Church of Our Saviour, 200 N.W. Third St. It will
be an open step meeting.
A.A. open 12 step meeting from 7:30 until
8:30 p.m. at the Church of Our Savior, 200 N.W.
Third St.
A.A. meeting will be held from noon to 1
p.m. at the United Methodist Church, 200 N.W.
Second St. This will be an open meeting.
Okeechobee Senior Singers meet at 9:30
a.m. at the Okeechobee Presbyterian Church,
312 North Parrott Ave. Everyone who enjoys
singing is invited. For information or to schedule
an appearance for your organization or group,
contact Marge Skinner at 863-532-0449.
A.A. Grapevine open meetings will be held
at 6:30 p.m. every Monday at Okeechobee
Presbyterian Church, 312 N. Parrot Ave.
Foster Parent Orientation will be hosted
by the Hibiscus Children's Center on the last
Monday of every month from 6 until 7 p.m. The
orientation is for those interested in fostering or
adopting in Okeechobee County. This meeting
requires no RSVP and is a question/answer fo-
rum. It will be at the IRCC Okeechobee Campus,
2229 N.W. Ninth Ave. For information, call the
Foster Care Program at 1-800-403-9311.
Artful Appliquers is a recently formed chapter
in Okeechobee. This chapter meets at the Turtle
Cove Clubhouse, 10 Linda Road, Okeechobee
on Monday from 10 a.m. until 3 p.m. Turn left at
the Moose Lodge and go around the curve just
past the church. Bring a lunch and join us for a
fun day of applique. Everyone is welcome. For
more information please contact Chapter leader
Karen Graves at 863-763-6952.
A.A. meeting will be held from noon to 1 p.m.
at the First United Methodist Church, 200 N.W.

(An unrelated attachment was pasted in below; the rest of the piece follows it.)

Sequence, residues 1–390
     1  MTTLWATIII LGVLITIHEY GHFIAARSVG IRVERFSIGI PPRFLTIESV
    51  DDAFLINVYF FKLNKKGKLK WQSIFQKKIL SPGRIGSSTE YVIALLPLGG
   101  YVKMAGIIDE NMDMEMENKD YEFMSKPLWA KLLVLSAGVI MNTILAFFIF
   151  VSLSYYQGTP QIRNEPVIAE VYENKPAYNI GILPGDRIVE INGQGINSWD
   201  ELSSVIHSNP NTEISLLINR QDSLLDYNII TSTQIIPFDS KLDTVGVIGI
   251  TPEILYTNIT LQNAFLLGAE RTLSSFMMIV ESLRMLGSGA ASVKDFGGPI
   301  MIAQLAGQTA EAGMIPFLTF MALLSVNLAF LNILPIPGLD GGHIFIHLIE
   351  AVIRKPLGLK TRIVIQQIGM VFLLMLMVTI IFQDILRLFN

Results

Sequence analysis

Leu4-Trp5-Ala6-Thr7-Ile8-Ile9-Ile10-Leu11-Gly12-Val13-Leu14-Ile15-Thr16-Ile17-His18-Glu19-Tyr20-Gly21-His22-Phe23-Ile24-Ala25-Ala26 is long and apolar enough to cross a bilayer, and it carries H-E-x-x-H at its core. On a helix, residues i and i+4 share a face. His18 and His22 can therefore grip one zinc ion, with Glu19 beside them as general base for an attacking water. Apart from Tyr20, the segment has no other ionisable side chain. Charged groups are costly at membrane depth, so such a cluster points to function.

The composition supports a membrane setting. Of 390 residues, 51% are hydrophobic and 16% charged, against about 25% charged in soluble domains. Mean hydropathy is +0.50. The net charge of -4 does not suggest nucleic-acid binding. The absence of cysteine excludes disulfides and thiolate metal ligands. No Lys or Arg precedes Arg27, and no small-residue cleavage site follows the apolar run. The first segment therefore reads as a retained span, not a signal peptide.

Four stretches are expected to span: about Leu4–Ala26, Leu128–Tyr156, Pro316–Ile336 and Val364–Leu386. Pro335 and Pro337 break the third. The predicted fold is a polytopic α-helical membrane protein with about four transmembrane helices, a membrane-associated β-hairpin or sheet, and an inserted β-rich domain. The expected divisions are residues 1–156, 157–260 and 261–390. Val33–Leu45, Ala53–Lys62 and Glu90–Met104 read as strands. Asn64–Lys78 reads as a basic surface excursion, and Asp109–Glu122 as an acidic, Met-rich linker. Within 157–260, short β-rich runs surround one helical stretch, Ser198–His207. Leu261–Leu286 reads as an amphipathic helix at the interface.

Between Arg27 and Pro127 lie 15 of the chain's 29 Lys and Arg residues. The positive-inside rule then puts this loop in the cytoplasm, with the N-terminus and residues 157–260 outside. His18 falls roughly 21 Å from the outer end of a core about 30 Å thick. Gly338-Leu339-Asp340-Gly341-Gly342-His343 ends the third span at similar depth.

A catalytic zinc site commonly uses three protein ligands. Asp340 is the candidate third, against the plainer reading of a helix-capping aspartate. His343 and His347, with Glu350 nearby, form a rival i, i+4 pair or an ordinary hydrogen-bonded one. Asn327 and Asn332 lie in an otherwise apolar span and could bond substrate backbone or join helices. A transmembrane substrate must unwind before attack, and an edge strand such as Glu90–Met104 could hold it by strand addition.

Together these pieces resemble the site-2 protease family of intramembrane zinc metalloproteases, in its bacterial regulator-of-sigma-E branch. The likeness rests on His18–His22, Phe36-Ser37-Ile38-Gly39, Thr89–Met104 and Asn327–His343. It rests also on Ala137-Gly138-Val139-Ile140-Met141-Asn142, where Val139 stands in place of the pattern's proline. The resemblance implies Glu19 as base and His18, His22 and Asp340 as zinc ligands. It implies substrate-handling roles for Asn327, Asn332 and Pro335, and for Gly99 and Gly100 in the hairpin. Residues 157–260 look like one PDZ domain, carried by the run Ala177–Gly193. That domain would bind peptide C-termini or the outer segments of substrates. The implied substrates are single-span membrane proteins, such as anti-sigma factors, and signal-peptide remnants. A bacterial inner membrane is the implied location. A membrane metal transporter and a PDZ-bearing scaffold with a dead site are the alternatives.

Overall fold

Second St. This will be an open meeting.
VFW #10539 Ladies Auxiliary lunch and
bingo will start at noon at the Post, 3912 U.S. 441
S.E. Auxiliary members and their guests are invit-
ed. Please R.S.V.RP to 863-763-2308.
Okeechobee Senior Singers meet at 9:30
a.m. at the Okeechobee Presbyterian Church,
312 North Parrott Ave. Everyone who enjoys
singing is invited. For information or to schedule
an appearance for your organization or group,
contact Marge Skinner at 863-532-0449.

Community Gospel Sing will be held ev-
ery Tuesday at 7 p.m. at Seventh Day Christian
Church, next door to Douglas Chiropractic
and Fitness Center. The pubic is invited to
GALs need volunteers
The Guardian ad Litem Program has volun-
teer opportunities for caring persons to advocate
for neglected, abused and abandoned children.
Volunteers meet on the last Tuesday of the month
at 0 a.m. at Gizmo's on Hwy. 441 in the Publix
Civil Air Patrol set to meet
The Civil Air Patrol meets each Tuesday
evening at the Okeechobee Airport T-Hanger
#1, meetings start at 7:30 p.m. For information
please call Capt. Joe Papasso 561-252-0916 or
Lt. Greg Gernat 863-697-9915 The Lighthouse
Refuge Support Group is for women who are
hurting, homeless or been abused. They meet
on the first and third Tuesday of every month at
First Baptist Church, 401 S.W. Fourth St., and on
the second and fourth Tuesday of every month
from 6:30 until 8:30 p.m. at the Red Cross, 323
N. Parrott Ave. For more information call Donna
Dean at 863-801-9201 or 863-357-4447.
Rotary Club of Okeechobee meets each
Tuesday at noon at Golden Corral Restaurant,
700 S. Parrott Ave. The meetings are open to
the public. For information, contact Maureen